October 17, 2022

The Threat of AI-Powered Disinformation

The Threat of Artificial intelligence Powered Disinformation

Not too long ago I shared my thoughts on the use of artificial intelligence to create images.

More specifically, I pondered about Open AI’s decision to allow users to upload and edit faces, and reviewing all the ways it could backfire on the company. Today though, we will go in a slightly different direction, and talk about how AI can be used to create disinformation.

In the recent Verdict article I stated that ‘All AI art generators have been advancing quickly, outpacing the ability of the AI business and tech industry to establish the rules, as well as avert harmful results.’ 

As of now, moderation in most AI image generators is enforced by featuring a word filter based on classifications and context, plus telling users not to upload human faces without the consent of their owners. While the safeguards are designed to filter out explicit sexual and violent content, censorship tools may struggle to identify misinformation fed to its algorithms.

With Microsoft bringing AI art generation to Office and Bing, it is going to make the risk bigger, simply because huge platforms that are used extensively by millions of people will get more ‘cracks’ in the filters, both inexplicably and intentionally. And I can’t state it enough… Covert actions taken with the intention of disseminating false or misleading information have historically been a unique human trait. 

Malicious actors have taken use of the machine learning technologies to accurately target audiences, sway public opinion around the world, and create societal unrest. As an example of the potent threat of AI, let’s remember how President Zelenskyy was depicted telling his soldiers to “surrender” and “give up their arms”.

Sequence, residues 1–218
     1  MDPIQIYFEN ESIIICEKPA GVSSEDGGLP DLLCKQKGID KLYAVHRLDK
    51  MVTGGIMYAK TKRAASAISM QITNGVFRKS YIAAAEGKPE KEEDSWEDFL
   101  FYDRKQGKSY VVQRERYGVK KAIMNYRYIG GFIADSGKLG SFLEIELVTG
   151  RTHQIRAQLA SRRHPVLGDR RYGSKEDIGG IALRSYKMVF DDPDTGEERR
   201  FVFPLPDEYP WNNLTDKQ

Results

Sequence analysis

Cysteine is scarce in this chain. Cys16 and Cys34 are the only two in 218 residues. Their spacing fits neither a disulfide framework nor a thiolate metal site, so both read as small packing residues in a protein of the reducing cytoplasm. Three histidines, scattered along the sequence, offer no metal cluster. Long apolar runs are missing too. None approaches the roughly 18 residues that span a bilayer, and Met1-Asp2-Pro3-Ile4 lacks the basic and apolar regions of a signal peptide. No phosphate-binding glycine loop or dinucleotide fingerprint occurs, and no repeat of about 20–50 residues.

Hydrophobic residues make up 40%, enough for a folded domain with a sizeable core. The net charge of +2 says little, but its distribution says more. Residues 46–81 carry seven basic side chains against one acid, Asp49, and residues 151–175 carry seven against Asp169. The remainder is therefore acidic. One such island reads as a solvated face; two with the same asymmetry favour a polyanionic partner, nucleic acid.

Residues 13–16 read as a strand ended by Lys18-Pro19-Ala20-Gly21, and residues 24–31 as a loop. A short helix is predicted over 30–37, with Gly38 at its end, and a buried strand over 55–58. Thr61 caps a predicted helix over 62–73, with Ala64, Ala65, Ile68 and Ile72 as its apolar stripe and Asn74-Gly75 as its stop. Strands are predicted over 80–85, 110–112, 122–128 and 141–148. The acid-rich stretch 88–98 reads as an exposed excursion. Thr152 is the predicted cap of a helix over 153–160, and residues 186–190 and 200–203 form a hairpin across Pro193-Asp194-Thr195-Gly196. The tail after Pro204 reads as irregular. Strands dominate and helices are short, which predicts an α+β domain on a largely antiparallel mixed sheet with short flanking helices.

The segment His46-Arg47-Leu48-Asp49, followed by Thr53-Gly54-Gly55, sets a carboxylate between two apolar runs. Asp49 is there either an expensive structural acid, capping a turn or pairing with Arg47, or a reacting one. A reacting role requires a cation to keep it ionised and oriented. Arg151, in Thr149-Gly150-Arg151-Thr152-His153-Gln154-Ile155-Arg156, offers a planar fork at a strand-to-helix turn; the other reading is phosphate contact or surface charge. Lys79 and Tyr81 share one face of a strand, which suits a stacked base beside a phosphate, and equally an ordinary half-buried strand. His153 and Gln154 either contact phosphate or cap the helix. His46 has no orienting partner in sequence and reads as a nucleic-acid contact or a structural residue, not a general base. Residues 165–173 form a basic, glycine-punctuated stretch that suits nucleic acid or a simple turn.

No one was fooled by such an obvious deepfake, but AI capabilities continue to improve, and they will become increasingly effective tools for manipulating and fooling humans. The more skilled threat actors already have access to an expanding range of persuading, customized, and hard-to-detect message capabilities. 

Sure, machine learning techniques can be used to fight disinformation too, but they probably won't be enough to balance off the growing number of digital mercenaries. And while we don’t need to hide from the imminent cyborg apocalypse right now, we certainly do need to prepare and strategize for a new era of AI-enabled disinformation. 

Because unless we develop counter-disinformation strategies, AI-enhanced disinformation operations will further exacerbate political polarization, erode citizen trust in institutions, and blur the lines between truth and lies…If you would like to know more about how technology can alter the political climate, be sure to check out my article “Information Operations and Synthetic Media Versus the 2020 US Elections”.

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